More flooding misery is expected on Friday as the torrential downpours which brought flooded roads and home evacuations continue.
The Met Office’s amber weather warning for heavy rain covering parts of Yorkshire and the Midlands is in place until 6am and communities are bracing themselves for more of the deluge which brought travel chaos on Thursday.
Thirty-five homes were evacuated as a precaution in Mansfield after a mudslide in the area while hundreds of people were kept inside Meadowhall Shopping centre near Sheffield due to gridlocked traffic outside.
Later on Thursday, South Yorkshire Police declared there were “significant issues” in Doncaster, with Bentley, Toll Bar and Scawthorpe the worst affected areas.
The force said: “The local authority are asking that people do not drive or leave their properties unless necessary.”
The weather has also caused train services to be cancelled and Northern Rail issued a “do not travel” warning to commuters using three routes, saying flooding had closed the lines between Sheffield and Gainsborough, Sheffield and Lincoln and Hebden Bridge and Manchester Victoria.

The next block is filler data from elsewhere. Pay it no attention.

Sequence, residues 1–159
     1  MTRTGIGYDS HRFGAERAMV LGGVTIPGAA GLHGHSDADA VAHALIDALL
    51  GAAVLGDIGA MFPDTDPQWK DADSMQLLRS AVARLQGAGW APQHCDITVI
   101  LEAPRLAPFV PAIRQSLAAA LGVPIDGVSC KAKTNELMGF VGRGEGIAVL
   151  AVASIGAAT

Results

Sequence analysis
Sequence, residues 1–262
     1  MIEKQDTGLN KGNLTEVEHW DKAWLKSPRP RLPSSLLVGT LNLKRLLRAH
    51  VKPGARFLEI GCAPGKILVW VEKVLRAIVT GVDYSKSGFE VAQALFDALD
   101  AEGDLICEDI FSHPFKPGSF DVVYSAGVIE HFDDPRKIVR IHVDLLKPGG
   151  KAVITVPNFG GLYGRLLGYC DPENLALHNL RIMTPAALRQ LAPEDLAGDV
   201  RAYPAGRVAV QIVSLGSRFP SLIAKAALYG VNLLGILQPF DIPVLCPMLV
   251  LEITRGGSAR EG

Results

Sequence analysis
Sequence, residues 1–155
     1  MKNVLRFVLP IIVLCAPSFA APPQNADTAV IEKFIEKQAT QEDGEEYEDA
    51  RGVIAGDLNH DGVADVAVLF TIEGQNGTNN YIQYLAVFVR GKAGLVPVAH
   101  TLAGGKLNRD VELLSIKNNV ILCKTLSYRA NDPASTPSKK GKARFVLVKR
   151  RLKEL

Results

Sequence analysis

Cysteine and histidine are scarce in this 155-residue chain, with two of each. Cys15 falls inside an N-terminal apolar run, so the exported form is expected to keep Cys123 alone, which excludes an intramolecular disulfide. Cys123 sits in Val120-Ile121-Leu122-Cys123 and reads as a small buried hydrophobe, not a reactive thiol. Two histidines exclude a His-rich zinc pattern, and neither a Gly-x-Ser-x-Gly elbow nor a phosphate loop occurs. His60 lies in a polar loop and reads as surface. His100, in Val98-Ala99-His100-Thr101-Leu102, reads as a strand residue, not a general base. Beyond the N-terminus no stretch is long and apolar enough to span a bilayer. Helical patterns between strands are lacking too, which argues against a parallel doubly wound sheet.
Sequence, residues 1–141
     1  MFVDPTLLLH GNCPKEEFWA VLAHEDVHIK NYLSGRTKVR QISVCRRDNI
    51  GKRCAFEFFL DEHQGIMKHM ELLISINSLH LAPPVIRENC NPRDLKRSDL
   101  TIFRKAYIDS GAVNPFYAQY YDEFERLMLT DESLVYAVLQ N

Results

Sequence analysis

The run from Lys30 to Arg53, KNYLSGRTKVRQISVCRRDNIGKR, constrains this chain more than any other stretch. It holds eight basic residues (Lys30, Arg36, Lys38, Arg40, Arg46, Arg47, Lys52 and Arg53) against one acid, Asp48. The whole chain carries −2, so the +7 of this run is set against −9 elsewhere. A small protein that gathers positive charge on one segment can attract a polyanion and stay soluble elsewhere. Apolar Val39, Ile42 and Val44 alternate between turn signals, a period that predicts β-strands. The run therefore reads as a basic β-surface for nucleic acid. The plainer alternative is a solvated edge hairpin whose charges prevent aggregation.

By 10.30pm on Thursday, the Environment Agency had issued 98 flood warnings and 117 flood alerts.
Nottinghamshire Police said officers were called to Bank End Close in Mansfield alongside the fire service and Mansfield District Council just before 5pm on Thursday following concerns for the safety of people living in the houses.
Some of the most dramatic scenes were in Sheffield and Rotherham where a number of roads were left impassable to traffic, cars stranded in floodwater and gridlock resulting on many routes.
A number of houses were evacuated after they were inundated in the village of Whiston, near Rotherham, and, in Sheffield, the council closed Millhouses Park, where a 14-year-old boy was swept to his death in the River Sheaf during the devastating floods in the city in 2007.
There was gridlock at the Meadowhall Shopping Centre, also flooded in 2007, after it cancelled its Christmas Live event which was expected to be attended by thousands of people on Thursday evening.
With many surrounding routes flooded and trams stopping short of the complex due to “heavy rain putting the Tinsley tram bridge at risk”, gridlock led to police advising shoppers and concert goers to stay in the building.
Concerns were also growing in the Calder valley as river levels began to rise.
Precautionary flood barriers were put in place in Mytholmroyd, which was badly hit in the 2015 Boxing Day floods.